It’s hard to put into words the kind of the disappointment that comes with realising that one of your favourite filmmakers has made a truly terrible movie. That realisation hit me approximately 10 minutes into Drive-Away Dolls, the new film by one half of acclaimed filmmaking duo The Coen Brothers. 

Alongside his brother Joel, Ethan Coen has given us more than 4 decades of brilliant films ranging from quirky black comedies – A Serious Man, Hail, Caesar!, Inside Llewyn Davis – to beautifully devised crime capers – Blood Simple, No Country for Old Men and True Grit being just a few – but recently the prolific brothers took a break from working together. This resulted in Joel Coen’s multi-awarded nominated The Tragedy of Macbeth in 2021, and the soon to be released chaotic lesbian sexploitation comedy Drive-Away Dolls from his brother Ethan.

Written by Coen and Tricia Cooke, Drive-Away Dolls follows the antics of Jamie (Margaret Qualley), a free spirited lesbian reeling from yet another breakup with a partner – Beanie Feldstein’s rage fuelled cop being the latest – and her demure friend Marian (Geraldine Viswanathan).  In search of a fresh start, the two embark on an impromptu road trip to Florida, but things quickly start to go pear-shaped when they cross paths with a group of inept criminals led by a sadistic villain played by Colman Domingo.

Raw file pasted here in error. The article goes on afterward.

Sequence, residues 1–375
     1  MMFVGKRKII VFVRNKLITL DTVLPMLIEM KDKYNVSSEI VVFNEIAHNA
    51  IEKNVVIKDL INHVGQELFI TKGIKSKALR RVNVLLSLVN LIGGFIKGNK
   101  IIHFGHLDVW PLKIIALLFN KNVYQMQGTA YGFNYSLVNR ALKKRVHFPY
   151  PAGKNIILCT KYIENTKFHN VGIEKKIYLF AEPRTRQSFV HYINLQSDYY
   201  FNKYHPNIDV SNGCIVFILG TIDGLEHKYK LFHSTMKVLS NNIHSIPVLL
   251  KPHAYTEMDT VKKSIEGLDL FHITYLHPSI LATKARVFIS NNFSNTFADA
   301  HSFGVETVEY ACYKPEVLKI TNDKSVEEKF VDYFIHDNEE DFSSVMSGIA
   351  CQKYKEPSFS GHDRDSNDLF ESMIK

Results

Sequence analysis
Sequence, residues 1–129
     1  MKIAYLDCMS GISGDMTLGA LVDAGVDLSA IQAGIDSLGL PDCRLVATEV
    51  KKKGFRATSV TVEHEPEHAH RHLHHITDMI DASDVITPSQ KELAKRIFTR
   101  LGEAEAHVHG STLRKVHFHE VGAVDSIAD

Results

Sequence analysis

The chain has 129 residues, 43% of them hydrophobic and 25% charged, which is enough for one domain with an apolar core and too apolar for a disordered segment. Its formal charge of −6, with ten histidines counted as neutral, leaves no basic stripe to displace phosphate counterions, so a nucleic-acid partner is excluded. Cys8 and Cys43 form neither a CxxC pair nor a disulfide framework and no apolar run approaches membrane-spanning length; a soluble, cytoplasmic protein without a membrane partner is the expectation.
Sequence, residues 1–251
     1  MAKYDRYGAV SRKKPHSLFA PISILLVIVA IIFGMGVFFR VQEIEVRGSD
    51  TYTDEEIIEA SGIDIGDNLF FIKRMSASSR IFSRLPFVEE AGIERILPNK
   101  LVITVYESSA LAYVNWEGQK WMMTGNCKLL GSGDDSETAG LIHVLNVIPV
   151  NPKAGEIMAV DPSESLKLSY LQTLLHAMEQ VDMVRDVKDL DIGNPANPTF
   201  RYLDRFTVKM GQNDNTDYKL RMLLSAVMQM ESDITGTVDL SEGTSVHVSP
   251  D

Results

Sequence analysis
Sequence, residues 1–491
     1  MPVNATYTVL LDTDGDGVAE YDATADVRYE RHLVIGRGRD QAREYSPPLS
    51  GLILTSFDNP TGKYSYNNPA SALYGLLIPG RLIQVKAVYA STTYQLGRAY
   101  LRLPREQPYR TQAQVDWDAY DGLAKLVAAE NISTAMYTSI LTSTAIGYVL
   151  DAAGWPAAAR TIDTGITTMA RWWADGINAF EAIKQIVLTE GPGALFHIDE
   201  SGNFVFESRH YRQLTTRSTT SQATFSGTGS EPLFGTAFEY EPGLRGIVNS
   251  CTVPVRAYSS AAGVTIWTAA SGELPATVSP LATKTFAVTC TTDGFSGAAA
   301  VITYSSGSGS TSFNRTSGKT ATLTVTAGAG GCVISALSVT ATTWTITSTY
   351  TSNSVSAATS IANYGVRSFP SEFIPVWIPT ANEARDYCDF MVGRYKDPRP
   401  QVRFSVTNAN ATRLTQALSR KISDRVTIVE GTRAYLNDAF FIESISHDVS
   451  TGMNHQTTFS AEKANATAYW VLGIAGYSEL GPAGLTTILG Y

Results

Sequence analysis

One imagines this is the kind of movie both Coens would have spent their teenage years obsessing over and wishing they could make – Faster Pussycat Kill Kill, Motorpsycho and Vixen! by Ross B Meyer spring to mind. Which would make sense why this would be something Coen would want to explore more closely.

While Meyer’s films were clearly of their time, especially at a time when many took advantage of a laxer attitude towards nudity brought on by the first wave of the feminist movement, these films still remained on the fringes of the industry and were predominantly shown in seedy grindhouse theatres. Which begs the question, haven’t we moved on from all that by now?

This is the kind of movie one makes when they are starting out in the movie business, not when they’ve spent years making some of the most memorable films in the history of cinema. Far from adding anything of substance to the sexploitation genre, Coen’s film feels a little on the awkwardly immature side.

As for the performances, they are often jarringly cartoonish and not to mention completely devoid of any kind of humour. With the exception of Geraldine Viswanathan’s performance, there is really nothing to write home about here, and nobody is more disappointed than I am. What can I tell you, this really ain’t it.